You may not remember, but approximately 3,453 years ago (i.e. the summer of 2016) the United Kingdom voted in a referendum to leave the European Union.
Since then, as the rest of the world happily trots on to deal with a resurgent far-right, the U.K. has been stuck in the mud, endlessly debating what sort of Brexit it wants, how it should get it and why “no deal is better than a bad deal.”
This week brought with it a fresh new wave of drama, including a new exit plan, an unfortunate parliamentary roast, and a spate of high-profile exits. To make sense of it all, let’s break it down one mind-numbing aspect at a time.
What’s in the new deal?
The British government this week finally published a full draft Brexit deal, nailing down the particulars of how the U.K. will exit the EU in time for the deadline on 29 March 2019. The deal effectively keeps the U.K. within the EU’s customs union for the time being and adds that the U.K.’s status as a “non-voting member of the EU in transition can be extended to… 31 December 20XX”. It also says that the U.K. remains obliged to pay a $50 billion “divorce settlement” to the EU to cover its outstanding fees.
This draft avoids the worst-case scenario of a “no-deal,” where the rights of EU citizens in the U.K. (and vice-versa) would disappear overnight, trading tariffs would suddenly appear, and regulations — for instance on aviation and the pharmaceutical industry — would suddenly cease to apply. However when Prime Minister Theresa May presented the plan to her cabinet on Wednesday there was near-immediate chaos.
Brexit secretary Dominic Raab and work and pensions secretary Esther McVey both resigned on Thursday, saying they were unhappy with the deal. Two other junior ministers also resigned and 23 Conservative Members of Parliament have submitted letters of no confidence in Theresa May, calling for her resignation. That in it of itself is a problem, even more so when you consider that she still has to submit her Brexit plans to Parliament in order to get them approved.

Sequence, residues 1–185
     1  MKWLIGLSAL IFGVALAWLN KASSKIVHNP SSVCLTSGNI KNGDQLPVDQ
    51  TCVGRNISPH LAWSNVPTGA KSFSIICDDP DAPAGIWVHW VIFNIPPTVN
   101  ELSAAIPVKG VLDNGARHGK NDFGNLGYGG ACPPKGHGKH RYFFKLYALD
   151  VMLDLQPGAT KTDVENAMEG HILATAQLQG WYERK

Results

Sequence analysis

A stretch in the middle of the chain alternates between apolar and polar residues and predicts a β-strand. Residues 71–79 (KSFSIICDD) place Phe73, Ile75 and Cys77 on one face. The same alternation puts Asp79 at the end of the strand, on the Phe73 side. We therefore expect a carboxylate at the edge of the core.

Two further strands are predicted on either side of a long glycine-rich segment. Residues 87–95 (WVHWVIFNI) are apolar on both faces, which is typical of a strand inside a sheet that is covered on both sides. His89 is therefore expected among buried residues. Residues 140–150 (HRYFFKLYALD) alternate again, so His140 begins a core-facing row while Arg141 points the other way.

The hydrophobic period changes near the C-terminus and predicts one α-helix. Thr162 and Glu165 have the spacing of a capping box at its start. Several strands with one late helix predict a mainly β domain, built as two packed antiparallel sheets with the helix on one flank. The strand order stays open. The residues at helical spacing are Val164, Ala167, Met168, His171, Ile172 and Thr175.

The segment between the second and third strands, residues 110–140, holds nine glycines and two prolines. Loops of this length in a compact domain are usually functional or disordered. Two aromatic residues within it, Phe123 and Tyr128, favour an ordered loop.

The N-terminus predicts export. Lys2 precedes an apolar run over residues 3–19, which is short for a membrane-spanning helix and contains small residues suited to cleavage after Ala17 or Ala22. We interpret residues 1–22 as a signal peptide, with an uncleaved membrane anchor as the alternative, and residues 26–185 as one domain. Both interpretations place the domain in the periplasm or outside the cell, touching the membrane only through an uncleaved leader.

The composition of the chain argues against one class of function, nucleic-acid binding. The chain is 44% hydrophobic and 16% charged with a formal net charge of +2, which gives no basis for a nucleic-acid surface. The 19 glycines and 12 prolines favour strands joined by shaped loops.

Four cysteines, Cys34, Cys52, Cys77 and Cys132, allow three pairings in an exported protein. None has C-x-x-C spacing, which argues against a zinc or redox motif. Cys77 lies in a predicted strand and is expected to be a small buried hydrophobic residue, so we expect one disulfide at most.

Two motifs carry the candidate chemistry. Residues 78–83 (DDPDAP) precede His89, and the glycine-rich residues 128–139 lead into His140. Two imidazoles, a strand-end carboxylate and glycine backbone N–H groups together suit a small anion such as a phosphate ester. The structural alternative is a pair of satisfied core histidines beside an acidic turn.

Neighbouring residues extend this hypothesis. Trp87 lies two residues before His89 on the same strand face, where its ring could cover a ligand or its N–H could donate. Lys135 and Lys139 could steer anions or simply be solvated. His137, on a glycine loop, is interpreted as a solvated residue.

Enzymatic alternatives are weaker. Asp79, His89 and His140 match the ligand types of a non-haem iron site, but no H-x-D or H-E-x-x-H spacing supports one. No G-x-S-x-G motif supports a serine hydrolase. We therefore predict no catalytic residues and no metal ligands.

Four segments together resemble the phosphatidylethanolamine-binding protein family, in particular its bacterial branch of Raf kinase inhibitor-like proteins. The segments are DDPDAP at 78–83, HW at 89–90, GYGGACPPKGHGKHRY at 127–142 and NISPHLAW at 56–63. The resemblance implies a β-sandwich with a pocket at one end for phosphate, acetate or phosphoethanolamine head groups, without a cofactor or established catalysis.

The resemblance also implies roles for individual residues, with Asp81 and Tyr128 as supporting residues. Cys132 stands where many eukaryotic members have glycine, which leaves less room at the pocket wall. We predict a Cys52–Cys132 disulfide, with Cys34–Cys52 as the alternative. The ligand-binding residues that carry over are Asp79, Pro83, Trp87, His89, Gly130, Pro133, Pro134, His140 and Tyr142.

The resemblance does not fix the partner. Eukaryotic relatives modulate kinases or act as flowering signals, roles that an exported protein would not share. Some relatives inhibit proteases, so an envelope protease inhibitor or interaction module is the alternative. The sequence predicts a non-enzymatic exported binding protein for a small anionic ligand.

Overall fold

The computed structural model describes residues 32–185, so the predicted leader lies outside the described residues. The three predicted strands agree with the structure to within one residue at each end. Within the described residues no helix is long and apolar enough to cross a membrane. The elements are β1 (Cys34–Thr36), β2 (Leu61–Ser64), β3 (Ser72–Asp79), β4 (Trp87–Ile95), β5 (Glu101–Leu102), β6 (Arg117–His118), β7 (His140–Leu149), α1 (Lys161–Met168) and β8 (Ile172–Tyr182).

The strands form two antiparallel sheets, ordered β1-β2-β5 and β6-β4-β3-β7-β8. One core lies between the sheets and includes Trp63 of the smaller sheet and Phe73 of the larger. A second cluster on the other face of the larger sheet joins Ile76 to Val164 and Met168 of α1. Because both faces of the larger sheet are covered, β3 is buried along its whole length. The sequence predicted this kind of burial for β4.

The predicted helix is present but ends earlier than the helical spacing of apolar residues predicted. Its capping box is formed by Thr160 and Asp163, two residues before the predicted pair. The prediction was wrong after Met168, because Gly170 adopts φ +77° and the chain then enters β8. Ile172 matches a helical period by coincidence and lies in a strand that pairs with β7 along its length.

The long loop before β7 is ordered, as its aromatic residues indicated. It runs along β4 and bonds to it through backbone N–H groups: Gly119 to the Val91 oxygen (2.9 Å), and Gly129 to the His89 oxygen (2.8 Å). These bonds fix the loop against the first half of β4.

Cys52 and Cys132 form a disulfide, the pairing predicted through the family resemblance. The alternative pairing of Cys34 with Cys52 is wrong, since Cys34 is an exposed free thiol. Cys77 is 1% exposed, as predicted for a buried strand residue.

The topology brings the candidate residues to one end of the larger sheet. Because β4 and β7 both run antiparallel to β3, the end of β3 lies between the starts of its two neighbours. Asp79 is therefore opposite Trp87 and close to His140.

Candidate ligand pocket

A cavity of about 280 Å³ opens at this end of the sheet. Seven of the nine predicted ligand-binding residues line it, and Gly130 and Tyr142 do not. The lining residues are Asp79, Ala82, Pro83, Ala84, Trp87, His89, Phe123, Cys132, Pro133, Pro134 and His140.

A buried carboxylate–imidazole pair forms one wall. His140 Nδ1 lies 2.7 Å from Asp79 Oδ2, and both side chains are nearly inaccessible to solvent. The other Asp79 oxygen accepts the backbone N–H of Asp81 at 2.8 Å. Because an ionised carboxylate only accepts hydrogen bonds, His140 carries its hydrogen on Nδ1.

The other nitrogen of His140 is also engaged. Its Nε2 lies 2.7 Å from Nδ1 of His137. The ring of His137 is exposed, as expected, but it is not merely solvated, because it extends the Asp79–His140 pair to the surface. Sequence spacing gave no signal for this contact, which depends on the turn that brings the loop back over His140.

To make things worse, as May stood before the House of Commons Thursday to discuss the plan, saying any exit should be done in a “smooth and orderly” fashion, members laughed.
“They laughed uproariously, and for long enough that she had to pause, eyes flickering over her papers, and wait for them to stop, so she could continue,” The New York Times reported.
— BBC Breakfast (@BBCBreakfast) November 12, 2018
This isn’t the first time the British government has collapsed or teetered on the brink of collapse because of Brexit. In the wake of the referendum back in 2016, then-Prime Minister David Cameron was forced to resign, since he had campaigned for the U.K. to stay in the EU. In the 2017 general election, May’s Conservative Party fell short of a majority, and eventually had to do a deal with the Democratic Unionist Party (DUP) of Northern Ireland (more on them later) to stay in power.
Why is everyone so angry?
… Because the deal, which is by nature a compromise, gives every hardliner something to hate. Brexiteers hate it because it extends the transition period in which the U.K. is still part of the EU’s single market, thereby making it difficult for the U.K. to strike on its own and make its own “amazing” trade deals.